Kidney stones are formed when substances present in the urine such as calcium, oxalate, and phosphorus become highly concentrated. In the human body, food is used for energy and tissue repair. After the body has used what it requires, the waste products are carried to the kidneys and excreted as urine. Our diet plays an important role in the promotion and inhibition of kidney stones because the waste products excreted originate in our diet.
Types of Kidney Stones
The four major types of kidney stones are:
- Calcium stones – most common type of kidney stone and occurs as calcium oxalate and calcium phosphate.
- Uric acid stones – formed due to persistently acidic urine. Protein-rich diet contains purine, which can increase uric acid content in urine.
- Struvite stones – kidney infections cause this type of stone.
- Cystine stones – arise due to genetic disorder causing leakage of cystine through the kidneys into the urine.
Another important factor in kidney formation is urine volume. Very low volume of urine or highly concentrated urine contributes to the supersaturation of elements such as calcium oxalate.
Dietary Changes to Prevent and Reduce Kidney Stone Formation
Kidney stone formation can be reduced to some extent by increased urine volume that in turn reduces supersaturation of urine. The best fluid to increase urine volume is water. Water is non-caloric, non-caffeinated, and contains minute quantities of solutes. It is advisable to avoid high sugary beverages in large quantities. Black tea contains high amounts of oxalates and is not recommended for people with kidney stone problems. People with kidney stones must drink approximately two liters of fluid per day.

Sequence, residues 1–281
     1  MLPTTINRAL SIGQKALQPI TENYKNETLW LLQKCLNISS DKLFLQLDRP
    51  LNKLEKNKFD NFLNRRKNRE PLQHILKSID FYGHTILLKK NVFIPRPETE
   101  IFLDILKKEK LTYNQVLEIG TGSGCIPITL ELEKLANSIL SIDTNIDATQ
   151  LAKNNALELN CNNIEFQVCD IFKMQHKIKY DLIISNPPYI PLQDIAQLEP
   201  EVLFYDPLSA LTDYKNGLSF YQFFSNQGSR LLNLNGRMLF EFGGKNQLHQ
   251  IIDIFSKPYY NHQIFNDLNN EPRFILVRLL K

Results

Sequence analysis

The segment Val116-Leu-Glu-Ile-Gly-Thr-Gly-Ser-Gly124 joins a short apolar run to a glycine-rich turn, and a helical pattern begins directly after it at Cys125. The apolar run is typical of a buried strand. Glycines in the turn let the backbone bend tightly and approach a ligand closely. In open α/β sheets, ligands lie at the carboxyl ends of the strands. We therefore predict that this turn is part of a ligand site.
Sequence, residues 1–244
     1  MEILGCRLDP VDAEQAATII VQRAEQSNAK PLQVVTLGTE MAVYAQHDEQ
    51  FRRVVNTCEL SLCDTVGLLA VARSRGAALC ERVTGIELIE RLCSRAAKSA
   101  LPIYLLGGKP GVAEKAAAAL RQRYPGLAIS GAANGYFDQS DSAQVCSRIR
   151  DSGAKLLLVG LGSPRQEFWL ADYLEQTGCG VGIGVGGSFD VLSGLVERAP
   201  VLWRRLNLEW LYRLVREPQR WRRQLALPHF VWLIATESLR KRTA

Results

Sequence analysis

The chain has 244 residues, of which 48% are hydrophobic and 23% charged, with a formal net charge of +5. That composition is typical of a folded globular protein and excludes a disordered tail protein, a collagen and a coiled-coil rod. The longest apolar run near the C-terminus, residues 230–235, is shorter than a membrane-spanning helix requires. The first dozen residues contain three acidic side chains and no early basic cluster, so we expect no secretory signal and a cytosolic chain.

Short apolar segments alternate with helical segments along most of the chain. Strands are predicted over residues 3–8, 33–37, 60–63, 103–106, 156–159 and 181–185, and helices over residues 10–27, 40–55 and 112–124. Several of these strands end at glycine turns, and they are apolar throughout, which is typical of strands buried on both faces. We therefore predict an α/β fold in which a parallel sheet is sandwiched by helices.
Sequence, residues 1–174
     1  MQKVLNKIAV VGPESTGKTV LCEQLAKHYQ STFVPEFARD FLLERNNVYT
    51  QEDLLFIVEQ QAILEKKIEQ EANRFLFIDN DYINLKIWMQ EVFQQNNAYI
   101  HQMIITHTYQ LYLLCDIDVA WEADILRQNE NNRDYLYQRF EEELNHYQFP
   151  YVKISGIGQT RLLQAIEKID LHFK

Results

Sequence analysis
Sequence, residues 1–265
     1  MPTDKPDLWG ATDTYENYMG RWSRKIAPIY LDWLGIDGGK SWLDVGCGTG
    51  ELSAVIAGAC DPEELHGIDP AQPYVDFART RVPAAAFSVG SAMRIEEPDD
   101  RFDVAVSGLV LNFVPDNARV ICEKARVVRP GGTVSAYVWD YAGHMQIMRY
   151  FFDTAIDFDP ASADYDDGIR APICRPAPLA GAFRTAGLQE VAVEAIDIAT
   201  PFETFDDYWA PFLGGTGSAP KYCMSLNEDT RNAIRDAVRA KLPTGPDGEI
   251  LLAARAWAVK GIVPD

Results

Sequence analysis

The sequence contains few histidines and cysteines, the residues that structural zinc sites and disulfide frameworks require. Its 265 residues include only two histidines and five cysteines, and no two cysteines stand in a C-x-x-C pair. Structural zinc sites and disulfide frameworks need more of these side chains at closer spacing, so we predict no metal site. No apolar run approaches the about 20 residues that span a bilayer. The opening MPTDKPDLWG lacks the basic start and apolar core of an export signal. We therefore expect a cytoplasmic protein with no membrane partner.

Limit dietary oxalates: Although only about 20 percent of urinary oxalates are derived from dietary sources, it is always recommended for people who tend to get oxalate kidney stones. Some common foods that contain high levels of oxalate include nuts, beans, rhubarb, spinach, beets, black tea, and chocolate.
Limit sodium intake: High-sodium diets are linked to greater calcium excretion because sodium and calcium compete for reabsorption in the renal vessels. This results in high calcium concentration in urine, which combines with oxalate and phosphorus to form kidney stones. Since processed and canned foods contain high amounts of sodium, it is better to avoid these foods.
Limit animal protein: Purines in animal protein are a major contributing factor for kidney stone formation. Excess protein creates concentrated urine and there is no inhibitor of uric acid crystallization. Dietary intake of 12 ounces of animal protein per day is recommended, which is sufficient to meet the dietary needs of adults. Plant proteins from beans and legumes can be included in the diet with no negative consequences.
A dietician can educate a person about dietary modifications that help reduce the occurrence of kidney stones. The Dietary Approach to Stop Hypertension (DASH) diet can reduce the occurrence of kidney stones. The DASH diet incorporates generous amounts of fruits and vegetables and moderate amounts of low-fat dairy products and animal protein.
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